Translated from the Swedish, this was a real find and at the 20p cost, I consider it to be one of the very best bargains of my bibliophilic career to date and will take some beating.
Most of us wish to leave the overcrowded towns and cities, this book indulges that want, that need. From the off it’s a picturesque scene of nature, a solitary place where the only sounds are nature and the odd human voice, it’s almost as modern a version as being primal as we can get to in this day and age.
Johan is our young narrator who goes on holiday with his parents, meets some new friends, has adventures, learns about nature, life and himself. It is Marvin though who is the key character in the book, he’s a 19 year old with the mind of a much younger child. Trusting, innocent, vulnerable and easily frightened, much like the wildlife he loves.
If Marvin’s character would have been overplayed or to unrealistic then the whole book would have lost a significant amount of charm. His gentle nature and naivety though is perfectly pitched, although he is different he is more in tune with nature and leads the better life for that.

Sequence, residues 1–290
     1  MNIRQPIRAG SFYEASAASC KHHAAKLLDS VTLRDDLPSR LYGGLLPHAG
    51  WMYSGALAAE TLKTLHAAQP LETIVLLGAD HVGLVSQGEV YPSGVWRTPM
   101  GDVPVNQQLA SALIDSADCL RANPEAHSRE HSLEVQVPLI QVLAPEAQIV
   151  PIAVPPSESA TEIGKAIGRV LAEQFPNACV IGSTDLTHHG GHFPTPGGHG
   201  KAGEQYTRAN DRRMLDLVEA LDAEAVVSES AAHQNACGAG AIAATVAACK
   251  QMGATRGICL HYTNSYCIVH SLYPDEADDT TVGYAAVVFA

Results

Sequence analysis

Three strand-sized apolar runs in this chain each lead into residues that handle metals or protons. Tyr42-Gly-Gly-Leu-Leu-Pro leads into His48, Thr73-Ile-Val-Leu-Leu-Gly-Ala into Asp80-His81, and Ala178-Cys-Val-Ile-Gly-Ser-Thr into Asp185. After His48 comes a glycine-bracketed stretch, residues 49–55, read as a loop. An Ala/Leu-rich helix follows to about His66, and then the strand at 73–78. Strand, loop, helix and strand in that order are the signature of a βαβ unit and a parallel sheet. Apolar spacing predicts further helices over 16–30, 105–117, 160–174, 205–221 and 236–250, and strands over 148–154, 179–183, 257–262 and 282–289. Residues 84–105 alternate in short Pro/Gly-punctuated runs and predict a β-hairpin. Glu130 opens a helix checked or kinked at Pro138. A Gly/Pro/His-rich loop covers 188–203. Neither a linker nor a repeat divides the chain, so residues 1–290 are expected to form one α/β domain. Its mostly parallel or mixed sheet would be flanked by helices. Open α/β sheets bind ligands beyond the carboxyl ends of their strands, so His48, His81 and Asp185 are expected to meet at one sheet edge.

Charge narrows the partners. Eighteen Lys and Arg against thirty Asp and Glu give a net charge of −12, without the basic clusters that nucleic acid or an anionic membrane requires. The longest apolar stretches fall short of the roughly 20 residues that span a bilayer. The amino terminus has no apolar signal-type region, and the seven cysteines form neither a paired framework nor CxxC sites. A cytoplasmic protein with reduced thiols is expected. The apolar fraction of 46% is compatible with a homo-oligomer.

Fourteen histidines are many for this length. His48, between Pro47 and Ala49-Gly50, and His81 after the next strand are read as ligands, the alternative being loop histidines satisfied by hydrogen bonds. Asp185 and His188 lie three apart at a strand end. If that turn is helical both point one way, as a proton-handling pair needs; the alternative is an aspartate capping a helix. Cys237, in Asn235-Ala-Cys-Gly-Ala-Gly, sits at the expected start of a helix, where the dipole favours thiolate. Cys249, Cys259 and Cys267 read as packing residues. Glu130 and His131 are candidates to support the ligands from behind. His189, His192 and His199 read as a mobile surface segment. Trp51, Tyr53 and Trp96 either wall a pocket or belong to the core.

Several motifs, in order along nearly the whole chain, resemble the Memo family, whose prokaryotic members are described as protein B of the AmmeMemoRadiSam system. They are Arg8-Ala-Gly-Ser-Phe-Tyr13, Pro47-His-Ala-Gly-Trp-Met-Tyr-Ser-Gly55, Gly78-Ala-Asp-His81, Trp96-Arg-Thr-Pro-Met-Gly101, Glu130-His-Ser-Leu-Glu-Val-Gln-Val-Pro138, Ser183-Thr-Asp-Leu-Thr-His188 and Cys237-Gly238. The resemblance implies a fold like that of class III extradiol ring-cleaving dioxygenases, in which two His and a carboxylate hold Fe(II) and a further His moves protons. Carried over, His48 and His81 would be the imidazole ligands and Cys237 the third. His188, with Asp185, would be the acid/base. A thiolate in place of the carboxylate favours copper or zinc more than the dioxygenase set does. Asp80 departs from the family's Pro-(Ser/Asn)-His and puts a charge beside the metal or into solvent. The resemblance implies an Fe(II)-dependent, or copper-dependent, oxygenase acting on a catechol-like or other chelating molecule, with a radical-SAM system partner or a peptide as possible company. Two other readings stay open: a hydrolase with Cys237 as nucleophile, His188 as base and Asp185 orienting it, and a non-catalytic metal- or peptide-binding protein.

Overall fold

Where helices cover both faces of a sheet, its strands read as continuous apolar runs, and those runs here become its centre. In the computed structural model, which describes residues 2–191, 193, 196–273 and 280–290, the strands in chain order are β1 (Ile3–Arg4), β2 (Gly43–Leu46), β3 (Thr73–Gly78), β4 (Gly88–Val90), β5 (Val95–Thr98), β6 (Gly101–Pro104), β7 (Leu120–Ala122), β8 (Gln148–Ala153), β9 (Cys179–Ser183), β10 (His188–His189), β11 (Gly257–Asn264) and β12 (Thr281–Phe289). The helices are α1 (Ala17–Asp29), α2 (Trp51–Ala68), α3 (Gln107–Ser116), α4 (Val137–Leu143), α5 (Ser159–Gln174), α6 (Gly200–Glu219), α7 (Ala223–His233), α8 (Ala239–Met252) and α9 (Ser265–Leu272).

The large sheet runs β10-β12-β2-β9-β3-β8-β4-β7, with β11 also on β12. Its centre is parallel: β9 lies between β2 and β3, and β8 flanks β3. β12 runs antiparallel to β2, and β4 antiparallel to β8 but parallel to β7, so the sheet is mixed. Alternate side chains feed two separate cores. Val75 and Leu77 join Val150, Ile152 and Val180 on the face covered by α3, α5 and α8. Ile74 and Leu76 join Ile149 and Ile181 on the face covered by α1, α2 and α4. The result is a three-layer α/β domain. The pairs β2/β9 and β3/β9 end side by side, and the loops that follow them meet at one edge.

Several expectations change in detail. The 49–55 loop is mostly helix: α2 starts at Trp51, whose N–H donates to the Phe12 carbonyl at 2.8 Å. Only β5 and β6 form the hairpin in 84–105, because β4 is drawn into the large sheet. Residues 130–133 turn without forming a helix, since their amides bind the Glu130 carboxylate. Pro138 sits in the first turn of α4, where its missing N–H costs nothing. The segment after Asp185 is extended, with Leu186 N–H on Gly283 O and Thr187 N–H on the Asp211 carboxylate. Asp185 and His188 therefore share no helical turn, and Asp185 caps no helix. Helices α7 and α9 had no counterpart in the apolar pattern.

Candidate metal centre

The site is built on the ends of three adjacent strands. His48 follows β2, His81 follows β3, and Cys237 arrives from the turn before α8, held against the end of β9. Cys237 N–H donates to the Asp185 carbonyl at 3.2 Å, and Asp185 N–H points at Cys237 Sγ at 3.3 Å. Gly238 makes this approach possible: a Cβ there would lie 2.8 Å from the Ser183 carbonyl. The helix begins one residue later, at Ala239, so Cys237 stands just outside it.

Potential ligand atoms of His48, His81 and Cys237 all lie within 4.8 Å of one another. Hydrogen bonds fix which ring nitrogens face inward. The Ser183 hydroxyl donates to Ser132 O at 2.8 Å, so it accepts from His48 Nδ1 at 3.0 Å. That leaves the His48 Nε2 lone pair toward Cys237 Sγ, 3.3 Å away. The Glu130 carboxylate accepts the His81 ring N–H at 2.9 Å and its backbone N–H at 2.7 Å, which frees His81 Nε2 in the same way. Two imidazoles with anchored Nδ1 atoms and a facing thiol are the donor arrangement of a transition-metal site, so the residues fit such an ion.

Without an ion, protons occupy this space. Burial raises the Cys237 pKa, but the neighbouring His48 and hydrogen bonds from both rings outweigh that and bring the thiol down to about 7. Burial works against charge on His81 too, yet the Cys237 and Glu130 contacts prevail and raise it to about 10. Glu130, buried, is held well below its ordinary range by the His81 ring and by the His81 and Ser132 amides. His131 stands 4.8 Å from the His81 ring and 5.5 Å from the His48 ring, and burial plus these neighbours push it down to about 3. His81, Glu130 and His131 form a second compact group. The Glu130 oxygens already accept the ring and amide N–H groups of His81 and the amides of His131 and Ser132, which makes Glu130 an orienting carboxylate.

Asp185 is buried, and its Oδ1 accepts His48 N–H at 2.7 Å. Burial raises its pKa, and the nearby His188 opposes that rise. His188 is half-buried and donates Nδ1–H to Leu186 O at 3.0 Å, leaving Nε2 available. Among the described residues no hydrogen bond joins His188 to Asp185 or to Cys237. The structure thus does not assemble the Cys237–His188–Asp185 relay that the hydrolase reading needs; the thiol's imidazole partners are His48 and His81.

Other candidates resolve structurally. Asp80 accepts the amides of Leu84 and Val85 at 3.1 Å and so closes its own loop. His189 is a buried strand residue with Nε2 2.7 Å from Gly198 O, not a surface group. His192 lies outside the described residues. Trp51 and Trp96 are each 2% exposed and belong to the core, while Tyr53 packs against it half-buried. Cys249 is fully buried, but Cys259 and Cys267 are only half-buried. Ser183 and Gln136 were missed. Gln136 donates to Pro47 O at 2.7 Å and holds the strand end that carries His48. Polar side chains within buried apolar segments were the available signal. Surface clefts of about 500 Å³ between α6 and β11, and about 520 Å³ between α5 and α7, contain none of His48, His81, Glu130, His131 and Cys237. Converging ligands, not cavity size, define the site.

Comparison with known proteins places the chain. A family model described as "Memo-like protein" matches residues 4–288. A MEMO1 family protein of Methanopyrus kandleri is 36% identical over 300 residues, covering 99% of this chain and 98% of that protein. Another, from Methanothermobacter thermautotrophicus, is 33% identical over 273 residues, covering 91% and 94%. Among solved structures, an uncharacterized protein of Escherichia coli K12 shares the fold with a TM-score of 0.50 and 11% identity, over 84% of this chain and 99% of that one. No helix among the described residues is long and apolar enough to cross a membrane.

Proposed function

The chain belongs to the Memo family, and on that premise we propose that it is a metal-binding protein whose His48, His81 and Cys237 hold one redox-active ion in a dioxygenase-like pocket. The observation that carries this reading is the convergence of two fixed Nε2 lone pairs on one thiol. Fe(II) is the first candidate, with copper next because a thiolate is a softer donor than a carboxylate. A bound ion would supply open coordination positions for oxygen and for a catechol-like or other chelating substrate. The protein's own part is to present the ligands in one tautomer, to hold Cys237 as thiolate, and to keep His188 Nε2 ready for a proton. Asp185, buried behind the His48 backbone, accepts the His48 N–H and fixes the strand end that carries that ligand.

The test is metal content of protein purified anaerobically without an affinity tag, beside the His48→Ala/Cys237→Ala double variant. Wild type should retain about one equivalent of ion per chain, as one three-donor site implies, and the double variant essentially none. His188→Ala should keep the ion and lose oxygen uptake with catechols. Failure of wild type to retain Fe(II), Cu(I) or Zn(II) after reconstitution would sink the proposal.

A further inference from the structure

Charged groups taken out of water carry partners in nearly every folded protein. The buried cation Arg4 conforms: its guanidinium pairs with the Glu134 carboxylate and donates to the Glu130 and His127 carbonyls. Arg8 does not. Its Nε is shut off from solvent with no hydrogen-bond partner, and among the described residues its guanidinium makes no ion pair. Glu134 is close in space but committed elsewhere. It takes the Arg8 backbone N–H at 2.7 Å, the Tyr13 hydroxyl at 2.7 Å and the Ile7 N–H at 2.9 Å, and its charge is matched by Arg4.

compared to, say Enid Blyton, whose books also show a deep love of nature but not much in the way of character development, this book has a more sophisticated and emotionally involving approach, these days it would be required reading for anyone wishing to highlight the destruction of nature but since this in written 1971 it’s charms have been somewhat lost to time.
At 158 pages this is a short book but all the same is a book that will capture the heart of all ages and will be one of those books I for one will be rereading again come next summer, with its hauntingly beautiful descriptions of nature and vaguely melancholy but ultimately uplifting air, I demand you all go and seek a copy.
I was genuinely gutted to have finished it, even though I made every effort to savour each page. A book that moves and resonates with everyone can be a rare thing and one that also has a good reminder that modern life is a bit rubbish and we should all slow down fills all my criteria for a good book/ I think a reprint is due as it beats most Children’s books hands down.